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Design driven implementation  RSS feed

 
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Dear Author,

On theory, Design drives implementation, but in the real world  I have seen on many occasions a good design implemented very badly

How do we manage to narrow the gap between A good design vs bad implementation?

Thanks
Sundar
 
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meenakshi sundar wrote:On theory, Design drives implementation, but in the real world  I have seen on many occasions a good design implemented very badly



What would be an example of a "good" design that is implemented very badly?

I think this is what gets many developers in trouble, when they consider "design" and "implementation" as separate things. Code is the embodiment of design, so when you code (i.e. write the "implementation" as you call it) you are actually creating a detailed design.

Are you perhaps referring to "high-level" conceptual design in the form of a picture/diagram or in the form of plain text description (non-executable) vs. low-level design in the form of source code?

See Jack Reeves' essays on how Code is Design. When you take this perspective, the distinction between design and "implementation" (code/coding) disappears.
 
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meenakshi sundar wrote:
Dear Author,

On theory, Design drives implementation, but in the real world  I have seen on many occasions a good design implemented very badly

How do we manage to narrow the gap between A good design vs bad implementation?

Thanks
Sundar



Junilu makes a good point on this.

Are you referring to the act of first designing, then putting an implementation together that doesn't satisfy or abide by the design.

In the past, and I know one very specific example in my career, where we built a design for our system, then moved into the "implementation phase" when we almost immediately realized that the design wasn't going to work. So, we had to change our implementation, which made it diverge from the design.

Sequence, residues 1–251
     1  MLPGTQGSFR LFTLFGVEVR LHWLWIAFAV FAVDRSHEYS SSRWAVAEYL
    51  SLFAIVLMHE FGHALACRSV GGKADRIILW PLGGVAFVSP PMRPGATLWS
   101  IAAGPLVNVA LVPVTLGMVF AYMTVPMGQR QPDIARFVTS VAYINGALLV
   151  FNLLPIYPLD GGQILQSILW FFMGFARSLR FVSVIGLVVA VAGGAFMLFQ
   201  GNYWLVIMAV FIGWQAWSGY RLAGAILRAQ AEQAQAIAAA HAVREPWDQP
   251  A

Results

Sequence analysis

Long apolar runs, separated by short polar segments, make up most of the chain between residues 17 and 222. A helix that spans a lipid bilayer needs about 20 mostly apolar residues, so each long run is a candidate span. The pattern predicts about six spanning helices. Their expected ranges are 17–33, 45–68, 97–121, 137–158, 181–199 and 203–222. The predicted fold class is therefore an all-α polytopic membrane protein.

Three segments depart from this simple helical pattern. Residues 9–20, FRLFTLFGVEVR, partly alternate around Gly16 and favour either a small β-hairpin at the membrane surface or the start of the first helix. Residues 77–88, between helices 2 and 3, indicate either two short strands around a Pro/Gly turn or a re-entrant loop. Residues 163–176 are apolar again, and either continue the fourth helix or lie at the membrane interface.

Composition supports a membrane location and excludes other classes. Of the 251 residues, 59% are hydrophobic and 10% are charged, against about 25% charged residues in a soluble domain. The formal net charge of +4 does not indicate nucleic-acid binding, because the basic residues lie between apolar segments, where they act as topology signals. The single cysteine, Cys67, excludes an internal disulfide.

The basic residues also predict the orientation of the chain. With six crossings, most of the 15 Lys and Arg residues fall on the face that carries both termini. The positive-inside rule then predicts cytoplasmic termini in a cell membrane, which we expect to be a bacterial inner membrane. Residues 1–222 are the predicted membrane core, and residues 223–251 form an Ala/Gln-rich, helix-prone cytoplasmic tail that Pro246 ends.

What would constitute a "bad implementation?"


The way that I try to keep from having a divergent value in my design vs my implementation is to minimize the time and size between making the design and making the implementation. This is often part of the idea of iterative- or incremental design. In general, pick a small set of behaviours that are needed and implement a design to satisfy those. Then, determine another behaviour and see if your implementation will satisfy that. If not, then see what changes to your design are needed. make those changes, implement them, then verify that the original behaviours are still satisfied (a nice automated regression test suite is good for this). Then, pick the next small behaviour and design/implement a solution for that. Then just keep doing this.

During this process, it may become clear that the path you are on is a dead-end and won't satisfy upcoming behaviours. At this point, you have A LOT of knowledge about what the design needs to support, a lot of knowledge about how to build a system that will satisfy them. At this point, you can either make changes to the existing design or build a new design that doesn't make the same mistakes that led you to the dead-end.

There is a saying "you are never more ignorant than you are right now," so taking small steps in building and implementing a design helps fill in the gaps in knowledge.


 
It is sorta covered in the JavaRanch Style Guide.
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